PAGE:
Railroad Photography in the Blue Hour

Magical photographs can happen between daylight and darkness

20100129 Clarendon Hills moonrise
Westbound Metra train No. 1249 stops under the rising moon at Clarendon Hills, Ill., on Metra's BNSF Railway line. Two additional trains are visible about a mile away in the distance. 
Paul Hoffmann
20100316 Naperville
An inbound Metra express train rips past the Naperville, Ill., station leaving a "smoke tail" in its wake as a local can be seen in the distance. Soon to be installed tri-light signals can be seen at left beneath the original Chicago, Burlington & Quincy overhead signal bridge.
Paul Hoffmann
20101230 station
The 6:56 p.m. Metra train has loaded all its passengers at Hinsdale, Ill., and the conductor gives the engineer the highball. Next stop is Western Springs.
Paul Hoffmann
20110111 Downers Grove snow
Passengers wait for their outbound Metra train to depart so they can cross the tracks. The headlight, mars light, and ditch lights create a starry effect in the falling snow.
Paul Hoffmann
20110111 station
The engineer of the Metra 5:00 p.m. flip to Downers Grove climbs down from his locomotive and will walk to the cab car on the opposite end for the return trip to Chicago.
Paul Hoffmann
The "Blue Hour" is a relatively unheralded “magical hour” for railroad photography, with the sky turning a deep blue in the interval between full daylight and complete darkness, a fleeting time that can yield moody and dramatic photographs. Originating from the French term l’heure bleue, the notion is more common in European art and popular culture than in the United States. Traditionally, many photographers favor the "Golden Hour,"  the time just after sunrise and before sunset when the low sun casts a soft, warm orange glow. Immediately after the evening golden hour, colors appear desaturated and lacking in depth. The temptation at this point is to pack up and go home. However, in just a few minutes, a magical color will appear ever so briefly during the "blue hour" that soon dissolves into the blackness of night. It’s this rich color, which is balanced in intensity with ambient nighttime lighting, that makes the "blue hour" worth the extra wait after sunset.  A misnomer, the blue hour lasts only about 20 minutes or so at its richest.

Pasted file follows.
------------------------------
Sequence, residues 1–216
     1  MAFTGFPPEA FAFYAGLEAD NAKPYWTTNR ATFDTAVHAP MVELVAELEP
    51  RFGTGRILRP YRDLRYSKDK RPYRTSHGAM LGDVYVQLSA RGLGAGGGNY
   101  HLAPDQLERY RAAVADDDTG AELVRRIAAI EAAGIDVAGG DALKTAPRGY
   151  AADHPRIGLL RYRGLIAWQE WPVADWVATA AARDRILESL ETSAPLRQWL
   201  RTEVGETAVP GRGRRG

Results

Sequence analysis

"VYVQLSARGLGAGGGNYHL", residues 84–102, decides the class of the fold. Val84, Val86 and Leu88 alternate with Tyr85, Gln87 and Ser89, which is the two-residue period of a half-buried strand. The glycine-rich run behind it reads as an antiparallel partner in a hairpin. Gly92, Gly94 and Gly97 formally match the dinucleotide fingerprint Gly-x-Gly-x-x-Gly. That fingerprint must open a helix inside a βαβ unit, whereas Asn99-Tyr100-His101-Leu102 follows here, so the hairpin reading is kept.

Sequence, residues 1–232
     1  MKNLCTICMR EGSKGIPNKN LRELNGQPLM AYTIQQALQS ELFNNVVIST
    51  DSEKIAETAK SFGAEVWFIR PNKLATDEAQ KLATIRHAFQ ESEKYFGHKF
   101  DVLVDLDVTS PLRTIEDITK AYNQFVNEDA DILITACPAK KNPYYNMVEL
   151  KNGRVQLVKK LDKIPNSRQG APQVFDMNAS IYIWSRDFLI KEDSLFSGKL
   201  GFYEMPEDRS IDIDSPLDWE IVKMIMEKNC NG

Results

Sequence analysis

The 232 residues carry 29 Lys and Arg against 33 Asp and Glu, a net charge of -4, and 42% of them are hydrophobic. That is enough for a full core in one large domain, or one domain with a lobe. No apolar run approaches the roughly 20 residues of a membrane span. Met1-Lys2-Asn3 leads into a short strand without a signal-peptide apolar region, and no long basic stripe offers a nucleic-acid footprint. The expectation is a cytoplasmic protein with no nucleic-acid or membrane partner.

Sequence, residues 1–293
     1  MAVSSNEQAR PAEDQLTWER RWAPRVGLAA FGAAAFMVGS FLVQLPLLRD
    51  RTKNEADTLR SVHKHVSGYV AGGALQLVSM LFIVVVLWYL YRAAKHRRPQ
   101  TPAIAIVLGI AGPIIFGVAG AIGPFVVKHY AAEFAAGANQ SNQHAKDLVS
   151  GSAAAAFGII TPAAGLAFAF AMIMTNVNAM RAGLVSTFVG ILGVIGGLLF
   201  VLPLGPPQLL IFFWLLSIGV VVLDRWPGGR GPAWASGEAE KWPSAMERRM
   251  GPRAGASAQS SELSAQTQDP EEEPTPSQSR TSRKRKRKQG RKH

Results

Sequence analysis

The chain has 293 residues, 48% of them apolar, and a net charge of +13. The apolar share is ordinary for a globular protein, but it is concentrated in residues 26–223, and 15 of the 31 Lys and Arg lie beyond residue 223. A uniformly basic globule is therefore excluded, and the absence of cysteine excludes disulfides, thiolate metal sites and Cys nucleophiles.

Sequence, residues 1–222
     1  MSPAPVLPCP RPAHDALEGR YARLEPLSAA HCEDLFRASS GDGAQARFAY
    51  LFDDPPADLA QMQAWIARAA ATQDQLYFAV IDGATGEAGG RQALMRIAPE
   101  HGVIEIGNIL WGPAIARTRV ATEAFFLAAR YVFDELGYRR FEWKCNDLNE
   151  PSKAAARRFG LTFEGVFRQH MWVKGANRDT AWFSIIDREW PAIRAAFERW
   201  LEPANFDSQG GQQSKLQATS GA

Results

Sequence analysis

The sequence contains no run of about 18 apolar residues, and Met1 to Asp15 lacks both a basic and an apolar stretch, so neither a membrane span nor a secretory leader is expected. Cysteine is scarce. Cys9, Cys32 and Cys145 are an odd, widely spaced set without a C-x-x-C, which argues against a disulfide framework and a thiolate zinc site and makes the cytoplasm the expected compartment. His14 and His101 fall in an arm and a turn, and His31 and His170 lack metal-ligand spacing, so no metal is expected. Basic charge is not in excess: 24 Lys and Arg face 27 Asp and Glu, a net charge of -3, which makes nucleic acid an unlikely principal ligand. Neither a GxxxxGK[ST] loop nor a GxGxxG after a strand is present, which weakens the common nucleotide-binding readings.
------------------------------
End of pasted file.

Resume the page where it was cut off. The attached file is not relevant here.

What blue hour photography is all about to me is having that combination of ambient night lighting with a tranquil, deep blue sky. Unlike nighttime photography, the blue hour has a serene feeling. Many of the distractions of daytime photography are stripped away, enabling the main subjects to really take hold in the composition of the photo. Since the blue hour often goes unnoticed to the untrained eye, blue hour photographs often carry an extra "wow" factor, giving viewers the opportunity to see something familiar in a new way, while at the same time conveying a peaceful feeling.

The evening blue hour is the easier to catch. First, wait for the brightness to go out of the sky — this allows the blue to become more saturated and not get washed out by fading daylight. When you think the sky is dark enough, wait. Generally after the light is gone from the west, you will get the richest blue. This occurs approximately 15 minutes after the sun goes below the horizon, although the timing and intensity varies from day to day and depending on weather conditions. The blue hour typically occurs earlier on cloudy days, and even if there is a boring sunset or no sunset at all, you will still have stunning blue light in the evening sky that can lead to mysterious or even sinister photographs. In fact, the overcast days typically avoided by so many railroad photographers can produce especially rich blues and dramatic cloud definition.